How does Tiffany & Co. ensure protection of human rights?
Because of our vertical integration, we are able to create a best-in-class environment for the people working in all of our diamond and jewellery workshops around the world. This gives us the confidence that our diamonds are made to our exacting standards, and it also supports the economic potential of these regions because we are investing in local communities. We hire and train local artisans. We are proud to pay a living wage to skilled workers and provide a safe, welcoming workplace for our employees.

What has the company done to guarantee responsible sourcing and stem the flow of conflict diamonds?
In addition to knowing the origin of our diamonds, we also recognise that there is a need for high-bar standards for responsible mining. For example, we go above and beyond the Kimberley Process (to eliminate trade in conflict diamonds) to source our diamonds with even greater respect for the environment and human rights. We also maintain a strong chain of custody over our diamonds. In fact, we’re one of the most vertically integrated companies in the luxury jewellery space. We do not mine ourselves, but we have direct supply agreements with particular mines or suppliers. We have our own diamond cutting and polishing workshops, where we pay a living wage, provide training and development opportunities, and hire the majority of our employees from the local communities. We also operate our own manufacturing facilities. Our unique vertical integration model helps us maintain a safe, healthy, and welcoming work environment, contribute to local economies and improve traceability. So, we not only have this transparency throughout the supply chain, but we’re also setting high standards for the way we operate those workshops.

How can the wellbeing of the mining communities be maintained? In what way does Tiffany aim to give back to these communities?
Even though Tiffany & Co. doesn’t own or operate any mines, we work globally to improve the practices of both large- and small-scale mining operations. We envision a mining sector that operates with sound governance, protects the environment, minimises its environmental impact, promotes responsible labour practices and a healthy work environment, engages with local communities and respects the rights and freedoms of all people affected by the business.

We are also working with other leaders in the jewellery sector and other industries that rely on mined raw materials. We helped launch the Initiative for Responsible Mining Assurance (IRMA), and we worked closely with them to put out a groundbreaking new standard that provides the world’s first shared definition of leading practices for large-scale mining operations. In addition, The Tiffany & Co. Foundation has a Responsible Mining programme that has supported abandoned mine reclamation efforts and the advancement of the artisanal and small-scale mining sector through training, formalisation and standards development.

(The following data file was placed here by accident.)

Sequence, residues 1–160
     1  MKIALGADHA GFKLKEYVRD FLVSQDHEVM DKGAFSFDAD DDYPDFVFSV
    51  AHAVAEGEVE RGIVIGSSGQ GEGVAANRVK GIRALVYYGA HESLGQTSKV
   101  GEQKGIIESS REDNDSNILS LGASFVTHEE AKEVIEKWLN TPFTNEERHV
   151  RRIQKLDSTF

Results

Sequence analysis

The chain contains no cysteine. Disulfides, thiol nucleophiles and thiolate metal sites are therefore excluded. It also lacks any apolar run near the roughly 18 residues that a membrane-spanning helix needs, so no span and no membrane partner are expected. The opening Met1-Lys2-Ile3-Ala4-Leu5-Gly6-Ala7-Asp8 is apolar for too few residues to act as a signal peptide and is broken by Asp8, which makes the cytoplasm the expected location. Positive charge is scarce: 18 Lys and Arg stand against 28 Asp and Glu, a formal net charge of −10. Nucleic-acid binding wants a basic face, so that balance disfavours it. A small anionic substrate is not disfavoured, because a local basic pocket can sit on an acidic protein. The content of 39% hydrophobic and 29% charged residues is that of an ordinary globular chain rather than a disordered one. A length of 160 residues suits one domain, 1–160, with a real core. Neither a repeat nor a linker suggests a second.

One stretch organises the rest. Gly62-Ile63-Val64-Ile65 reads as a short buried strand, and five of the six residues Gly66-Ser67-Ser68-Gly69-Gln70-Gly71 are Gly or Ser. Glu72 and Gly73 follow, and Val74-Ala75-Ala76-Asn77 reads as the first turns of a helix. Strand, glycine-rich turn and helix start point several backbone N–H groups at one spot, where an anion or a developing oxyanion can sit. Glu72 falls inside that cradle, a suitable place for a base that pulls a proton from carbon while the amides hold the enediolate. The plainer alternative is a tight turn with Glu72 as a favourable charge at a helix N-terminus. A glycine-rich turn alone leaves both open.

Tell us of your involvement in coral conservation and healthy marine ecosystems. Why do you think the cause is so important at this time?
When it comes to our strategic grant-making through The Tiffany & Co. Foundation, we focus on educating key constituencies about coral and its significance in ocean health and to our planet and people overall. Whether it’s the sailing and boating community, hotels or marine tourism providers, or the jewellery industry, we work with these audiences that can have an immense impact on marine preservation. For instance, in 2016 we supported Conservation International’s virtual reality film titled Valen’s Reef set in the Coral Triangle in Indonesia, which has one of the most biologically diverse reefs on the planet. We hope it will inspire broader stewardship of the marine environment. Also, we have been funding the creation of marine protected areas — akin to national parks in the water — because it’s been proven that if you can safeguard these areas, both the protected zones and the surrounding ecosystems return to a more balanced state.

How has Tiffany & Co. been involved in supporting global efforts in containing the COVID-19 epidemic?
The Tiffany & Co. Foundation has made a one-million-dollar commitment to COVID-19 related causes. The Foundation is allocating 750,000 dollars to the COVID-19 Solidarity Response Fund for the World Health Organisation powered by the United Nations Foundation, in addition to 250,000 dollars to The New York Community Trust’s NYC COVID-19 Response & Impact Fund. Tiffany & Co. is also proud to match employee donations to any qualified non-profit organisation supporting COVID-19 relief, dollar for dollar.